“The US travels the world proclaiming the principles of liberty and justice. And this is it?” she exclaimed. “This is what you guys were talking about?” Tears rushed down my face. I broke down. What could I tell her? How could I respond? I couldn’t deny what I knew deep down was true: that I have benefited from racist structures; I hold racist ideas; and worst of all: I ignore systematic injustice. There are few times when life presents us with moments that encapsulate an issue — displaying an image so clear, so undeniable, that all understand. I think of the beating of Rodney King or the brutality of state and private police at Standing Rock. That image was a white knee on a black neck. As far as I was concerned, I was that white knee. So the next day, I left for the White House.

I did not organize the protests nor do I suffer from the systematic racism that birthed them, but I stand with them. I stood before the White House imploring police and the politicians that finance them to ‘stop killing us’—an ‘us’ that does not include me, because I am already spared. The words ‘I can’t breathe’ that slipped past George Floyd’s lips reminded us of another instance that we (many white Americans) had rather conveniently forgotten. But the world, faced with the death of George Floyd, saw what has been clear to many for a long time. It has been clear since families were ripped from their homes and shipped across the sea, since laws restricted newly won freedoms, since criminal charges stripped access to opportunities. We saw, or rather were reminded, that the way we treat African Americans, and all racial and ethnic minorities in this country, is fundamentally wrong. If you watch Amaud jogging or George struggling or think about Breonna sleeping, it is impossible to come to the conclusion that nothing should change.

What should change

Campaign Zero is a project with the goal of ending police killings, led by activists Deray McKesson (Black Lives Matter organiser), Sam Sinyangwe (pioneer of Mapping Police Violence and the Use of Force Project), and Brittany Packnett Cunningham (MSNBC and member of President Barack Obama’s 21st Century Policing Task Force). The group recently launched an 8 Can’t Wait campaign to end police violence. In studying 98 of the 100 largest police forces in the United States, Campaign Zero has gathered unparalleled data on policies that reduce (and increase) police violence. They contend that if a department went from having none of the policies to adopting all of them, police violence would decline by a total of 72%.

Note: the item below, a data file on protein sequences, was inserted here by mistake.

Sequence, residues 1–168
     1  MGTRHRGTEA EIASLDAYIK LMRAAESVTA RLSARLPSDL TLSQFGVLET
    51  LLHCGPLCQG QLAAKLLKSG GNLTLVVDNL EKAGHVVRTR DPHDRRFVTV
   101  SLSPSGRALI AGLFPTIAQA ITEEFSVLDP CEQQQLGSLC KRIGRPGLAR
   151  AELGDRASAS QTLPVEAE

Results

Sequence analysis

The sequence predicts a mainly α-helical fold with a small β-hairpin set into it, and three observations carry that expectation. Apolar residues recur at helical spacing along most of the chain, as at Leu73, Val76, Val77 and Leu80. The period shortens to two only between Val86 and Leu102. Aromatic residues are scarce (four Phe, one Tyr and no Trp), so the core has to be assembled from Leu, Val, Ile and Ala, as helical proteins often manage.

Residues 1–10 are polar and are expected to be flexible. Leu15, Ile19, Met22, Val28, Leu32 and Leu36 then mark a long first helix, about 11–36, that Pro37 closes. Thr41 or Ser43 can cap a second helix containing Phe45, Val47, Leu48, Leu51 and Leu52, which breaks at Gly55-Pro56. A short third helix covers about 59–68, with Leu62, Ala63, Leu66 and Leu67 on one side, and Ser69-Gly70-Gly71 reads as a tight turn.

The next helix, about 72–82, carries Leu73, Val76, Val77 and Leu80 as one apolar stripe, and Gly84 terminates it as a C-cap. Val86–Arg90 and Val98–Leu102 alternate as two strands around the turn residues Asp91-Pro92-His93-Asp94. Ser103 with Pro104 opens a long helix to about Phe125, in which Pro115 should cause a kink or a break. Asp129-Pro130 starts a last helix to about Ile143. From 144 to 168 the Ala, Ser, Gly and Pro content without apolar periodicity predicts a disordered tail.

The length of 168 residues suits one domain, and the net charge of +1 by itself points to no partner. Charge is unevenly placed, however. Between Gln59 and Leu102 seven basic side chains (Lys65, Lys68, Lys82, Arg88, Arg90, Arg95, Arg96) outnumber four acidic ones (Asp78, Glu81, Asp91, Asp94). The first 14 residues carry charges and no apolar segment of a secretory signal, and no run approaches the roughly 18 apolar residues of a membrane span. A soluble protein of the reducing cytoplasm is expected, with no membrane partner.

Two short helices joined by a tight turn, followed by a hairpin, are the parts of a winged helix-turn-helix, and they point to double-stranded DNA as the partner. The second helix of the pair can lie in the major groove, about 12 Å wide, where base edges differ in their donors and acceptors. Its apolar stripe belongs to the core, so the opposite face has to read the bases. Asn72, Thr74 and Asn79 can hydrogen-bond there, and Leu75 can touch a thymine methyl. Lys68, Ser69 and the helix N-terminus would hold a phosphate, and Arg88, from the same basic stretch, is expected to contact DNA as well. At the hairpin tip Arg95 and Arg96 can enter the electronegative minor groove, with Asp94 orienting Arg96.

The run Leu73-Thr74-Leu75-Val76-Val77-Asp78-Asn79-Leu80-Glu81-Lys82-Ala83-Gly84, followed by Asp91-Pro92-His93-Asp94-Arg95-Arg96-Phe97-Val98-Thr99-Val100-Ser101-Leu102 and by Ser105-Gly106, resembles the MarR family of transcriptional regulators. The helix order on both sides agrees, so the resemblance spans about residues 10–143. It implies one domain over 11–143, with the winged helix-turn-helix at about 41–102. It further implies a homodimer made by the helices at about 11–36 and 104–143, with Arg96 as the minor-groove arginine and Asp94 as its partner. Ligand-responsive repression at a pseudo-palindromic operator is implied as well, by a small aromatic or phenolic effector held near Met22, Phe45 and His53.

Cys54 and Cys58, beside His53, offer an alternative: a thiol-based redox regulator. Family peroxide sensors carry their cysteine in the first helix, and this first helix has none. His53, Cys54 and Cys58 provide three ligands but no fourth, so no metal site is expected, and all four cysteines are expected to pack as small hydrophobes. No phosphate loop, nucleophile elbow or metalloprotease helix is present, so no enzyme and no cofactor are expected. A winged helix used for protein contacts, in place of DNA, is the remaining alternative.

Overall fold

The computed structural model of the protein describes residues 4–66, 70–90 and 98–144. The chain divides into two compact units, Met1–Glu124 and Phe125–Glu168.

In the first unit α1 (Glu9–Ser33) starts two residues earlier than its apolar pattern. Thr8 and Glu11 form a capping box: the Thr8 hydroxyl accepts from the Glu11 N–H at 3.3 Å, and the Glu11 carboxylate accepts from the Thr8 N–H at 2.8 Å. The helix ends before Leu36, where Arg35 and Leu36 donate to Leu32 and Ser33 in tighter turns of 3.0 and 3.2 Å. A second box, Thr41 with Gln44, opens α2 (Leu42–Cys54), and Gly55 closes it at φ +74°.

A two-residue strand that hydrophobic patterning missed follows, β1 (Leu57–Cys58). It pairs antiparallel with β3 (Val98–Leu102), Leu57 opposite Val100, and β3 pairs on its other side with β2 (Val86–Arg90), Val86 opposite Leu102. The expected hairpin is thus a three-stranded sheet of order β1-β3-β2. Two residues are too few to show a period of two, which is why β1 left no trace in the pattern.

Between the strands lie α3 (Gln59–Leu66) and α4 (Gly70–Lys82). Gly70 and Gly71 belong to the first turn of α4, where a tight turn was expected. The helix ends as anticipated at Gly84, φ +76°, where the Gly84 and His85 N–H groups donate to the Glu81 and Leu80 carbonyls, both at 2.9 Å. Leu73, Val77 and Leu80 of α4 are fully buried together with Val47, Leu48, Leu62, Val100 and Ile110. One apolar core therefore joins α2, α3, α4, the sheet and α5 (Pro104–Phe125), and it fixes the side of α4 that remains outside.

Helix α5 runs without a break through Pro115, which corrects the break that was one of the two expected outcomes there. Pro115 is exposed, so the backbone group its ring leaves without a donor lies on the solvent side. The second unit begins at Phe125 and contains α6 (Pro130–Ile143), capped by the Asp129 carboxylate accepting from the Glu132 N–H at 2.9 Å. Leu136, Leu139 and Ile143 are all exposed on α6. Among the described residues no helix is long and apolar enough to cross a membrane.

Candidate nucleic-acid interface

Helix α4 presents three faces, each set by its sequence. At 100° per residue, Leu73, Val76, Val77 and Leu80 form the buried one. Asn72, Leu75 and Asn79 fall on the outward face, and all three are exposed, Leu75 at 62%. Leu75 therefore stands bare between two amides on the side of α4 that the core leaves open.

Campaign Zero’s 8 policy proposals and their documented impact on police violence. –8CantWait.org

As the protests continue, we must continue to learn about these issues and advocate for justice. While the same issues remain, there is evidence that this time will be different. People are finally listening. The police chief of Houston is marching with protesters. The Denver police chief is marching arm-in-arm with activists in his city. Police chiefs have joined protesters or kneeled with them in Newark, Flint, Camden and even New York.

While such gestures of solidarity may not represent a wholehearted commitment to police reform, as the NYPD example clearly demonstrates, protesters do have the ear of policymakers. After the 2014 protests, Newark’s mayor Ras Baraka prioritized police reform, working with activists to create an independent citizen-led review board of police activities. The city also hired more police from minority communities and trained officers based on American Civil Liberties Union (ACLU) standards. Such efforts led Newark’s crime rate to drop to an unprecedented low. Camden has implemented some of the strictest use of force policies in the country.

I would like to conclude by highlighting what Michael Tubbs – the current mayor of Stockton, California, and the city’s first African American mayor – has accomplished. Tubbs has transformed Stockton from what Forbes rated in 2010 as “one of the three worst places to live in the United States” to an All-American City for two of the past three years. He achieved this by implementing programs to aggressively fight poverty, mass incarceration, crime, and educational inequities. Tubbs’ administration has reduced homicides by 40% and created more than 3,500 jobs in the city.

This all goes to say: keep fighting, because we just might win.